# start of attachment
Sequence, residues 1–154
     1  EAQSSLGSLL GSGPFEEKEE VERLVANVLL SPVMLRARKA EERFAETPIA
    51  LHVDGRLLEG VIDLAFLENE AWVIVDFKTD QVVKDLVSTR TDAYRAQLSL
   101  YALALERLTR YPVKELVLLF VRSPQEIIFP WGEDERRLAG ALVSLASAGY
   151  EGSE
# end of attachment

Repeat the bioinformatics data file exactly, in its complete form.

Sequence, residues 1–154
     1  EAQSSLGSLL GSGPFEEKEE VERLVANVLL SPVMLRARKA EERFAETPIA
    51  LHVDGRLLEG VIDLAFLENE AWVIVDFKTD QVVKDLVSTR TDAYRAQLSL
   101  YALALERLTR YPVKELVLLF VRSPQEIIFP WGEDERRLAG ALVSLASAGY
   151  EGSE